Some of these issues aren't necessarily how the system has evolved to operate, but rather they're minor glitches that are present in a small % of the population.
If you take a pressure change impacting your inner ear directly e.g. a trapped bubble of gas, there shouldn't be gas present there, but it is sometimes there and it can cause chaotic inputs to nerves.
You're talking absolutely tiny bubbles and EXTREMELY sensitive sensory systems, capable of picking up absolutely tiny changes in pressure or movement within their systems, which will be interpreted by your brain as very significant changes as they're being caused by something directly interacting with a sensory organ's internal workings, in a way that isn't normal.
Then if you throw random sensory input into a system like that, the impacts can be quite odd. Instead of just being a single error, your brain can just interpret them very strangely and it can trigger other sensations.
It's not quite like a computer system that's just narrowly and literally looking at inputs, nor is it a simple barometer. Rather, you're looking at changing atmospheric pressure interacting with complex, dynamic systems with small spaces containing gases and fluids.
Your brain also feeds everything into an extremely complex model, where one input can end up convolving with a whole load of other things and resulting in a perception of something completely different. So, throw something like a vestibular sensor into a chaotic input and you can end up seeing a colour, or feeling a sensation on your nose or something. It can be quite odd.
Have a look at some of the experiments on colour perception sometime, for example, and you'll get a sense of how our reality is very much a model. If you throw the inputs out even a bit on some obscure aspect of it, it can result in some very strange sensations until the model adjusts.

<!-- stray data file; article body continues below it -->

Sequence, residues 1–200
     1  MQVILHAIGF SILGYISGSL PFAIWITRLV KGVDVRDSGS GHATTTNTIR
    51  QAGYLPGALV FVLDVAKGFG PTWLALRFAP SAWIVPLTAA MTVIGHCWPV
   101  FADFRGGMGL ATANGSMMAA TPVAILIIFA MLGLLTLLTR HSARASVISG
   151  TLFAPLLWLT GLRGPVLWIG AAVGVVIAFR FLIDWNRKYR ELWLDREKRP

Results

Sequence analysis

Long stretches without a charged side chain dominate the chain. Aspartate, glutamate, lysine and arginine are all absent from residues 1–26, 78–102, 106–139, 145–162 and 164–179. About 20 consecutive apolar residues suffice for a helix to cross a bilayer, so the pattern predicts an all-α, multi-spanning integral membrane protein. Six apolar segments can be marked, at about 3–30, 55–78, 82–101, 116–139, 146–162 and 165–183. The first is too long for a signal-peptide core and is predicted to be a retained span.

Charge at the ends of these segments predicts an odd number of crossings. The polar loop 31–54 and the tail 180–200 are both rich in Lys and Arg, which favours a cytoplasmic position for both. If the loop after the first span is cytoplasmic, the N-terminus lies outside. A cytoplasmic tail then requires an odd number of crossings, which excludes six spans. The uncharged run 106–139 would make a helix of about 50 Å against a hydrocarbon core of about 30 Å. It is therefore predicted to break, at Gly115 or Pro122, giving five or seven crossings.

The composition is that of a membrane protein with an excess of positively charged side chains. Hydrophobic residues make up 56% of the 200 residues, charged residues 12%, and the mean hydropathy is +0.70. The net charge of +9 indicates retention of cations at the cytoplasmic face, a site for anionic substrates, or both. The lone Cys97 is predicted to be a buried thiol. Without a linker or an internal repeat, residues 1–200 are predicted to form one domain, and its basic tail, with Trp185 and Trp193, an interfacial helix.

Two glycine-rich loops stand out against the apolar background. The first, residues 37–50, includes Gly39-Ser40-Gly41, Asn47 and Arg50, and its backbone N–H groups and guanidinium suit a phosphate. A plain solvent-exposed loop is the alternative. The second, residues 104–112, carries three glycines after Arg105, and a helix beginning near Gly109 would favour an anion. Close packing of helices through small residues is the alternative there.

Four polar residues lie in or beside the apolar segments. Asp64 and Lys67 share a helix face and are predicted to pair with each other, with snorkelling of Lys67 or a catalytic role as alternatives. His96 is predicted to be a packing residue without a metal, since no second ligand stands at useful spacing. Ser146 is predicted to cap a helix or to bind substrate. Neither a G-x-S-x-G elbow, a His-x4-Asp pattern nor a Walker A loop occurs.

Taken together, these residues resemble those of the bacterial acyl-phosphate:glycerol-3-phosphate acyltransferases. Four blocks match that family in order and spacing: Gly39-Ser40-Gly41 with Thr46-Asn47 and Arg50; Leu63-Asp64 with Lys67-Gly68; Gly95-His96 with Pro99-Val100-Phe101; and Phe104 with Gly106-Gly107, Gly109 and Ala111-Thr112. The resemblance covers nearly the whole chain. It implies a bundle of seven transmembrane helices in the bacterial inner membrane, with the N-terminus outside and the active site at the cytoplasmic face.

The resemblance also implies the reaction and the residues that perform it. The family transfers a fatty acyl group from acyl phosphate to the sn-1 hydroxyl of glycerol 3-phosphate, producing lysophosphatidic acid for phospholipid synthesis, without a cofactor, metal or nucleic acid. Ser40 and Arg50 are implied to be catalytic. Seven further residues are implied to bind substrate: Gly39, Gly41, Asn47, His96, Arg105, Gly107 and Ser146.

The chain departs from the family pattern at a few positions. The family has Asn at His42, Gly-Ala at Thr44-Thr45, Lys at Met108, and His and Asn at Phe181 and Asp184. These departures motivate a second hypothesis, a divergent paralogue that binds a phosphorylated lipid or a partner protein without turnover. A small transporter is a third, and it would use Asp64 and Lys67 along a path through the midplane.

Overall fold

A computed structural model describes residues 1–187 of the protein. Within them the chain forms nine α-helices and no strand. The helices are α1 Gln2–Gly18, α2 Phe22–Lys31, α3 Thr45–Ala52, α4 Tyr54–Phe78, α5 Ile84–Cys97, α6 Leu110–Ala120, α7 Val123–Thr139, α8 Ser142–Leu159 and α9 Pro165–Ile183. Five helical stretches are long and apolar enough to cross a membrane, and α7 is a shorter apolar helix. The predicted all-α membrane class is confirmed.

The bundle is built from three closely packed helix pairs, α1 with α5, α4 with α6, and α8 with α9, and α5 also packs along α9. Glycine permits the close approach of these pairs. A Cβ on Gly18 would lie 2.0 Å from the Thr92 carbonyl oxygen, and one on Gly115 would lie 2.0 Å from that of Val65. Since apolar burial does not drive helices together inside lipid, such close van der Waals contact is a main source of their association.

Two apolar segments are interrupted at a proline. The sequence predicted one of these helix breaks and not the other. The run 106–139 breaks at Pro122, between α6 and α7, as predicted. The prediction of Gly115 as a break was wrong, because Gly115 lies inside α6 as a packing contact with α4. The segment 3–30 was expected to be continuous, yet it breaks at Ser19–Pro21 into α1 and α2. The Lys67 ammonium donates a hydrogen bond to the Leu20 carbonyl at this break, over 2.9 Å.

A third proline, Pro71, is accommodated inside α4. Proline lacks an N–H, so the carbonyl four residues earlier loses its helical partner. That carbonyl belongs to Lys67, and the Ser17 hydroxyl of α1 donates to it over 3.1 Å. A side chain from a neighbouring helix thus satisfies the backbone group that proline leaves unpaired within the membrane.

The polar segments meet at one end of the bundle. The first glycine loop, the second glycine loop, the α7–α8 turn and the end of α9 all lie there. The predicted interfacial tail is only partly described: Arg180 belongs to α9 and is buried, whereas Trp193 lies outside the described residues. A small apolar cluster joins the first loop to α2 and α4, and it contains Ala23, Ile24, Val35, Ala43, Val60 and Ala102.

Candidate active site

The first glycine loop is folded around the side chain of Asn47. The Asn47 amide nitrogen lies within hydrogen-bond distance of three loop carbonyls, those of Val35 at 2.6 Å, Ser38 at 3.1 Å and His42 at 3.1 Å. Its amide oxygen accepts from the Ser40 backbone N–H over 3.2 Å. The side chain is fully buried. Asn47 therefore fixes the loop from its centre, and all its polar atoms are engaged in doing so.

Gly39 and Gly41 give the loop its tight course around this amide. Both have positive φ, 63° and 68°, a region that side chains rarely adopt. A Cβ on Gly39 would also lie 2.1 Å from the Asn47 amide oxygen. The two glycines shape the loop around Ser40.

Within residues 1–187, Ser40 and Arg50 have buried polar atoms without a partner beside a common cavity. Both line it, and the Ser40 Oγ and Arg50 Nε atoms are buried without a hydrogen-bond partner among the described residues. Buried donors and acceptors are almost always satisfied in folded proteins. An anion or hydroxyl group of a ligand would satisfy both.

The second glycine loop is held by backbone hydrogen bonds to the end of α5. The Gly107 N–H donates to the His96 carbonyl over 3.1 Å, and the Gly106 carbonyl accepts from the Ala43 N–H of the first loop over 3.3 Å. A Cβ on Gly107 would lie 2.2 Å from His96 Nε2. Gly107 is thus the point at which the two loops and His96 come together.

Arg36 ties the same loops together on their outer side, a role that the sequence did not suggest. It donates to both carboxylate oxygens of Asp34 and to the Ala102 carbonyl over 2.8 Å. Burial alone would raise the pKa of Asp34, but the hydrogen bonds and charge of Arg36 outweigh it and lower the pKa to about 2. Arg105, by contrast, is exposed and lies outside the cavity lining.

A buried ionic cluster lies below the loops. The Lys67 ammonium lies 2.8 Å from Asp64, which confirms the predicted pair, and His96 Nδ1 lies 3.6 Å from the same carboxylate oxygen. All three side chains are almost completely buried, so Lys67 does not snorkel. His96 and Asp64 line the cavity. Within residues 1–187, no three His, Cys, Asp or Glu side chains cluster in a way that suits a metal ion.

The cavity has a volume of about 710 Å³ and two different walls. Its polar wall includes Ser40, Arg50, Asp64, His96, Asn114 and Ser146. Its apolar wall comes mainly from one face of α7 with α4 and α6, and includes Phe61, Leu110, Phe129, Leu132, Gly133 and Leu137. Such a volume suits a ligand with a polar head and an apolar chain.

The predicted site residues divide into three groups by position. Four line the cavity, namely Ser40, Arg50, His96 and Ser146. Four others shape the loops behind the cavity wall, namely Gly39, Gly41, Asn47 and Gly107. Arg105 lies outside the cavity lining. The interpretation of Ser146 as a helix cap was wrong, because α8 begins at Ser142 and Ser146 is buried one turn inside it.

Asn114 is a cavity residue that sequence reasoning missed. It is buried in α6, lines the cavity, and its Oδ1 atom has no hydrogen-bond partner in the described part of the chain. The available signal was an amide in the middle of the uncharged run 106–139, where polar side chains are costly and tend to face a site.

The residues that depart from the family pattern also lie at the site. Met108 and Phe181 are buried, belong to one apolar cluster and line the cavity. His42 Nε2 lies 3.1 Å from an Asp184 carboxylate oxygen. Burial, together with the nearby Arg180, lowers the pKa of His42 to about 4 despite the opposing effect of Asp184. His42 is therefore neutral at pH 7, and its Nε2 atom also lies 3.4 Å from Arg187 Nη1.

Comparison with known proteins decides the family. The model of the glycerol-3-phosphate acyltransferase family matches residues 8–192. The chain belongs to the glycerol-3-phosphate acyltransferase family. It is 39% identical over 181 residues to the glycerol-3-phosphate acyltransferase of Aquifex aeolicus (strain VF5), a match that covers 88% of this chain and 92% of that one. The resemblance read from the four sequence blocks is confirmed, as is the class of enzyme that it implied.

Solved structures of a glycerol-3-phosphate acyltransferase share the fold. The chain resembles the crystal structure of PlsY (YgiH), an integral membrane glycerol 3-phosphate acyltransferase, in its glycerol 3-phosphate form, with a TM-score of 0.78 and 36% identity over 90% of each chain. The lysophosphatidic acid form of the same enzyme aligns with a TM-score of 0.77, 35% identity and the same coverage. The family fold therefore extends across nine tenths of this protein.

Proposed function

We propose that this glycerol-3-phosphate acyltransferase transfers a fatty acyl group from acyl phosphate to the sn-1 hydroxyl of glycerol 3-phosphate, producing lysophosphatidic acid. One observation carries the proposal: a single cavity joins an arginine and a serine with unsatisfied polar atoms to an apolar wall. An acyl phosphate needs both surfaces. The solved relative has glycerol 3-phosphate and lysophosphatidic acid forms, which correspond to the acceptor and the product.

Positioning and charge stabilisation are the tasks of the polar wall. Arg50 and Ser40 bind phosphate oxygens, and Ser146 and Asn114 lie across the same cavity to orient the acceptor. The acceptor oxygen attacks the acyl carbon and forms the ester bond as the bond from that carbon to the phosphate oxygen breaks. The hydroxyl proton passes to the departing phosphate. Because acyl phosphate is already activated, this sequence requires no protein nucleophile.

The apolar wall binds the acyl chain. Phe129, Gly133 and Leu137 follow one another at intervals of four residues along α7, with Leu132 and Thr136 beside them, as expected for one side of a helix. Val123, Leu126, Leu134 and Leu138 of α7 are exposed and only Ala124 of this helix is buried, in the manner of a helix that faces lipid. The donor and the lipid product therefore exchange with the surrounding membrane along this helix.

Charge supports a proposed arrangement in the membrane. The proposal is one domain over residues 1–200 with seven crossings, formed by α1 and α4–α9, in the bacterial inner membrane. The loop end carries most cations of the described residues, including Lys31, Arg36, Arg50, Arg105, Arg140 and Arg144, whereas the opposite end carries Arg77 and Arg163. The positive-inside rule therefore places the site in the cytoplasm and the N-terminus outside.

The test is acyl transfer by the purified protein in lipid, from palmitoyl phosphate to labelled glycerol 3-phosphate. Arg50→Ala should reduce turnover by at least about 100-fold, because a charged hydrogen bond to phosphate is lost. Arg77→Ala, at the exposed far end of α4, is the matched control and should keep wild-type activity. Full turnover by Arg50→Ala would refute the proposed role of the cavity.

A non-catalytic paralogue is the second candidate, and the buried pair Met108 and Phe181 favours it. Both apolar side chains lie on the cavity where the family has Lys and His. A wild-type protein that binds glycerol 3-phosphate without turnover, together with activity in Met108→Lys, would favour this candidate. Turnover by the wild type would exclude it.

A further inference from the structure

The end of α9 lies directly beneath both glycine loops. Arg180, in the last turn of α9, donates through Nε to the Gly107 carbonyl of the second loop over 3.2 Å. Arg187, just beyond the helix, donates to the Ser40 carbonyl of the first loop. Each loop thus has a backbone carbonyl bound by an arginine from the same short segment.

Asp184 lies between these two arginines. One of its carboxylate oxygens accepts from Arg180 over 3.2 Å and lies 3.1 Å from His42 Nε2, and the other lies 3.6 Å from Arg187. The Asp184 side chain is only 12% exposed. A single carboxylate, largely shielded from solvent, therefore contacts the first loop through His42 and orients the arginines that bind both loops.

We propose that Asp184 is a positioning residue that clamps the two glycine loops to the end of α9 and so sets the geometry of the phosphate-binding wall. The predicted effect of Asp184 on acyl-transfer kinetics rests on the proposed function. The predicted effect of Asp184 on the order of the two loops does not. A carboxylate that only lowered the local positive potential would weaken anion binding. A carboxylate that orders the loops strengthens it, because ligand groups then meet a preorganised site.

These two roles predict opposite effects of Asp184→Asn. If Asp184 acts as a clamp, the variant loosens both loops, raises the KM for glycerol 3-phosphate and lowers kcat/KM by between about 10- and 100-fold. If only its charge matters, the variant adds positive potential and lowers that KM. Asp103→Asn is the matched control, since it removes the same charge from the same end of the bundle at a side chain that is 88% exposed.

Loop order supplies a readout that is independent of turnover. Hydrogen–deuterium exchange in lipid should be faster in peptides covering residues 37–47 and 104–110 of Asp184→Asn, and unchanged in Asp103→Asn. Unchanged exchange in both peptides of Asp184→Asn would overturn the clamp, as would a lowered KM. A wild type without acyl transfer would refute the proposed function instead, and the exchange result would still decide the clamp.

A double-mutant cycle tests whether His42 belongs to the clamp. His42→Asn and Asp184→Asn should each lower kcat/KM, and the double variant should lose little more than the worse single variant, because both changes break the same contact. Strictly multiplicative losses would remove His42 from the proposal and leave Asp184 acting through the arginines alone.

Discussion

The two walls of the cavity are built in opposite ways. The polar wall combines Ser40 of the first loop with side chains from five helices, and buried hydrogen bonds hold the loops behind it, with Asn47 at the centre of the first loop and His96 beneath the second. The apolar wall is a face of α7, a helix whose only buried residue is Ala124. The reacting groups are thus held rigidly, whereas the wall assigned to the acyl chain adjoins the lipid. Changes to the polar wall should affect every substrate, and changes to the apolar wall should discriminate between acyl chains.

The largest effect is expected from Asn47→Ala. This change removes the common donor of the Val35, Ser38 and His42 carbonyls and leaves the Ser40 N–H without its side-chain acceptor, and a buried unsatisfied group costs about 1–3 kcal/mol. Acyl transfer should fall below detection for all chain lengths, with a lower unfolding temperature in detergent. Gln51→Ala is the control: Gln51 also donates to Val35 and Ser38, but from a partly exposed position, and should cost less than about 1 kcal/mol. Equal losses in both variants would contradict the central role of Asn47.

At the most basic level you can play around with some of that to create illusions, but it can have some very real impacts when someone's got a neurological issue or something creating a false signal somewhere.
These systems can and do glitch. So, it's just important to recognise when they are glitching and be able to see glitches for what they are, rather than something scary.
Serious migraine i.e. with visual disturbances, auras, etc absolutely should be investigated. It's important to rule out any serious issues. They can be caused by cardiovascular issues, neurological issues, blood sugar issues or even tumours and so on, so definitely do not ignore them.
The same applies to sensory phenomena like tinnitus. It can be some random glitch issues, or it can be something serious.
With any issue like this, ALWAYS talk to a doctor and don't just assume it's nothing until you know it is! Mostly they can rule out anything dangerous quite quickly.
"Serious migraine i.e. with visual disturbances, auras, etc absolutely should be investigated. It's important to rule out any serious issues. They can be caused by cardiovascular issues, neurological issues, blood sugar issues or even tumours and so on, so definitely do not ignore them".
Something I have suffered with all my life. I'd not rule out some of the causes you list here, but I often find that salty foods (even a bag of crisps) can sometimes - though not always - help; indeed, I often crave such when in that hell pain place.